I’m going to level with you – at first I didn’t understand the term “feasibility report.” Scott sat down with us during our first meeting and cleared up all of my confusion. As consultants, we were to research the client’s proposed project and, based on our findings, suggest improvements or alternatives. Our feasibility report was to be the document that we handed to our client, the complete packet detailing our research and any recommended changes.

In the feasibility report, we answered questions such as:

  • Is the proposed budget accurate and reasonable?
  • Is there an interest for a new children’s cooking show?
  • What is the best way to broadcast this show?
  • Who are potential sponsors?
  • How can we maximize the impact and viewing audience of the show?
  • What are some interesting and creative titles for the program?
  • How do child labor laws affect the show’s flexibility?

We researched all of this – and more.

Some of the information was incredibly challenging to find. At times, I suspected we might not be able to provide a thorough report.

Especially with regard to the budget. How could we determine how much it would cost to build a functioning kitchen to use as a site for the TV show? And where in the world would we put this kitchen after we built it? I think I grew a couple grey hairs.

On the other hand, some of the research was very enjoyable. My favorite part of working on the consulting project was my restaurant research. I called a few dozen restaurants and discussed the possibility of filming an episode of the Yummy Club TV show in their kitchen. Perhaps, I asked the managers, one of your chefs would like to demonstrate how to make one of the restaurant’s kid-friendly menu items?

I called restaurants of all types in five prominent cities. One day I talked to a classy seafood establishment in Charleston, a BBQ joint in Spartanburg, and an Asian grill in Columbia. The next day I phoned a health foods bar in Greenville and a Mom & Pop diner in Charlotte. I loved it.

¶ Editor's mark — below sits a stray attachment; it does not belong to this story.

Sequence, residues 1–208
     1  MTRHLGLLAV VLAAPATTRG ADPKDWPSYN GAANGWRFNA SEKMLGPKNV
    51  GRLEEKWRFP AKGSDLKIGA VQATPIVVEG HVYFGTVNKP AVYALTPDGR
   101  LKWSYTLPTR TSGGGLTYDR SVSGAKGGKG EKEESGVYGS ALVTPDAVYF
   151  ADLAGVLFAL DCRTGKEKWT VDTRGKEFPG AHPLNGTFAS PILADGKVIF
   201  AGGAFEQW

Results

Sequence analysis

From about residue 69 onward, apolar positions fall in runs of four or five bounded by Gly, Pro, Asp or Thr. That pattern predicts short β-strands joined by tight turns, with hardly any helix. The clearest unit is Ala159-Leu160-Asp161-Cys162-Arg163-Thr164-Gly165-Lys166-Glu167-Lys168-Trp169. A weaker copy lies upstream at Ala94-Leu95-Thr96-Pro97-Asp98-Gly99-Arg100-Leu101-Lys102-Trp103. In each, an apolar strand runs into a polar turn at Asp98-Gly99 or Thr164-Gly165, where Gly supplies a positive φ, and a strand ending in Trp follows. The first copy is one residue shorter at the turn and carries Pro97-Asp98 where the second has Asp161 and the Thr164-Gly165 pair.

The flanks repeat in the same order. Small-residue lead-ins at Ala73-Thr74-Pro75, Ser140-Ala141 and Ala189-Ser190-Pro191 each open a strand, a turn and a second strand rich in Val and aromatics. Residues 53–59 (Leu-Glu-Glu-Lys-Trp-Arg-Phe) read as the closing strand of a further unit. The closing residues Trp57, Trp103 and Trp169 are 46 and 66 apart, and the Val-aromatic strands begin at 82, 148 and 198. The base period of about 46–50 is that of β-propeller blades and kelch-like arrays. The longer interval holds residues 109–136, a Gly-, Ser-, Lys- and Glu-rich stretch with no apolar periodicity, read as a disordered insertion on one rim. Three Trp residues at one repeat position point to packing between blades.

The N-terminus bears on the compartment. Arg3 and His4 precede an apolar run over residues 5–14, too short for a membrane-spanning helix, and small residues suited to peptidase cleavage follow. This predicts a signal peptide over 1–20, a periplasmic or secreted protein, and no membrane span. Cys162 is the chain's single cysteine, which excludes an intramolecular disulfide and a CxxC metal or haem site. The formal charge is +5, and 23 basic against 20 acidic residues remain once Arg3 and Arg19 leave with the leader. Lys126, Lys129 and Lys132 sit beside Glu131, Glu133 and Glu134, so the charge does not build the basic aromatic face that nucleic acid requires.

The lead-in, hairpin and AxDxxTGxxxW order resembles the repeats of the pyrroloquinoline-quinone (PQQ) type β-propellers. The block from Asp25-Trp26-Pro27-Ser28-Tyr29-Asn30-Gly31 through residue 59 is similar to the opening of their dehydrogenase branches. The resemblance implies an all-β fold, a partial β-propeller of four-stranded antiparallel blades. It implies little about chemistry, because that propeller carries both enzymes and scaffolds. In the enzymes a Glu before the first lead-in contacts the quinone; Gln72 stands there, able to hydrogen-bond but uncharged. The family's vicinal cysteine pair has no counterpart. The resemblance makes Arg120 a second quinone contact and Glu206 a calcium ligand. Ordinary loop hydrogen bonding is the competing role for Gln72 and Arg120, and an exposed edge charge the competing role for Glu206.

Prior to the consulting project, I hadn’t realized how much goes into the production of a television show. Furthermore, I hadn’t realized how viable and serious a consulting career can be.

I learned a lot. Working in a team helped me develop communication and delegation skills. We held each other accountable, and so I learned about the professional and tactful way to keep group members on track (and how to gracefully accept when I needed to step it up). Contacting dozens of restaurants was fun, but it also required organization and tenacity on my part (some restaurant managers were evasive or very busy when I called).

At the end of our project, we gave a formal presentation to our client – but not until after we had practiced public speaking and presenting with Scott.

I hope I can work on another consulting project before I graduate. It was a valuable experience, and I had a great time working with Wofford students (some of whom I would have never met outside of the consulting project).

The best part? Our presentation went really well. We nailed it. Even the budget.

429 North Church Street, Spartanburg, SC 29303-3663
864-597-4000 | RSS Feed | Login